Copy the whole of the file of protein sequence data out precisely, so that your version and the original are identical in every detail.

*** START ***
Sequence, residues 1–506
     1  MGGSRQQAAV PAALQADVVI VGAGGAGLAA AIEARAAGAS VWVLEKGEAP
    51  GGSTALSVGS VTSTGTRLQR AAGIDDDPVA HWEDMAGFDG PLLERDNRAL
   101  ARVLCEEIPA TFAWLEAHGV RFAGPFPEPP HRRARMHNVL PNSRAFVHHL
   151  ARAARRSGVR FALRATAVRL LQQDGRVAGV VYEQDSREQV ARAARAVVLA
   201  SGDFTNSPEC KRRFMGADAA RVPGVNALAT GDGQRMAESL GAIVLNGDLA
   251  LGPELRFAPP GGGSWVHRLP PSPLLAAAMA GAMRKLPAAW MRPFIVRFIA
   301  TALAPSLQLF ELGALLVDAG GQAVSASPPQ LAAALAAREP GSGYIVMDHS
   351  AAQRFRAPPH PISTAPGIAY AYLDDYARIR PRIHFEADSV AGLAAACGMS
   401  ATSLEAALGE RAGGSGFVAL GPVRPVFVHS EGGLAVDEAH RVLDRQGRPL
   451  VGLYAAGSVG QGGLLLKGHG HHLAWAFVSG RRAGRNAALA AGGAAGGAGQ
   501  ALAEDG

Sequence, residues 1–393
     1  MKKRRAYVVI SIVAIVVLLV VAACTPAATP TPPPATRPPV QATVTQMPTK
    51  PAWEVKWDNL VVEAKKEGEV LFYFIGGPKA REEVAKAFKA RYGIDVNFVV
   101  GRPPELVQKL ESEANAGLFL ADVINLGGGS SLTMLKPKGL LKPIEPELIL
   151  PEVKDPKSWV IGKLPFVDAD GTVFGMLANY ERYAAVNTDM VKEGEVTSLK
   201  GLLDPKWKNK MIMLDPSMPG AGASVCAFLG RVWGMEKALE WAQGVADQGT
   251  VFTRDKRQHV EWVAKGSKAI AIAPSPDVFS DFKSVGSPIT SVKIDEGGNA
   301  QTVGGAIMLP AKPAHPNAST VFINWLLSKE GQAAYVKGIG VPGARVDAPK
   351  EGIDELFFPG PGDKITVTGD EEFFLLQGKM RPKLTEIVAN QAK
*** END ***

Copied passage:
Sequence, residues 1–506
     1  MGGSRQQAAV PAALQADVVI VGAGGAGLAA AIEARAAGAS VWVLEKGEAP
    51  GGSTALSVGS VTSTGTRLQR AAGIDDDPVA HWEDMAGFDG PLLERDNRAL
   101  ARVLCEEIPA TFAWLEAHGV RFAGPFPEPP HRRARMHNVL PNSRAFVHHL
   151  ARAARRSGVR FALRATAVRL LQQDGRVAGV VYEQDSREQV ARAARAVVLA
   201  SGDFTNSPEC KRRFMGADAA RVPGVNALAT GDGQRMAESL GAIVLNGDLA
   251  LGPELRFAPP GGGSWVHRLP PSPLLAAAMA GAMRKLPAAW MRPFIVRFIA
   301  TALAPSLQLF ELGALLVDAG GQAVSASPPQ LAAALAAREP GSGYIVMDHS
   351  AAQRFRAPPH PISTAPGIAY AYLDDYARIR PRIHFEADSV AGLAAACGMS
   401  ATSLEAALGE RAGGSGFVAL GPVRPVFVHS EGGLAVDEAH RVLDRQGRPL
   451  VGLYAAGSVG QGGLLLKGHG HHLAWAFVSG RRAGRNAALA AGGAAGGAGQ
   501  ALAEDG

Sequence, residues 1–393
     1  MKKRRAYVVI SIVAIVVLLV VAACTPAATP TPPPATRPPV QATVTQMPTK
    51  PAWEVKWDNL VVEAKKEGEV LFYFIGGPKA REEVAKAFKA RYGIDVNFVV
   101  GRPPELVQKL ESEANAGLFL ADVINLGGGS SLTMLKPKGL LKPIEPELIL
   151  PEVKDPKSWV IGKLPFVDAD GTVFGMLANY ERYAAVNTDM VKEGEVTSLK
   201  GLLDPKWKNK MIMLDPSMPG AGASVCAFLG RVWGMEKALE WAQGVADQGT
   251  VFTRDKRQHV EWVAKGSKAI AIAPSPDVFS DFKSVGSPIT SVKIDEGGNA
   301  QTVGGAIMLP AKPAHPNAST VFINWLLSKE GQAAYVKGIG VPGARVDAPK
   351  EGIDELFFPG PGDKITVTGD EEFFLLQGKM RPKLTEIVAN QAK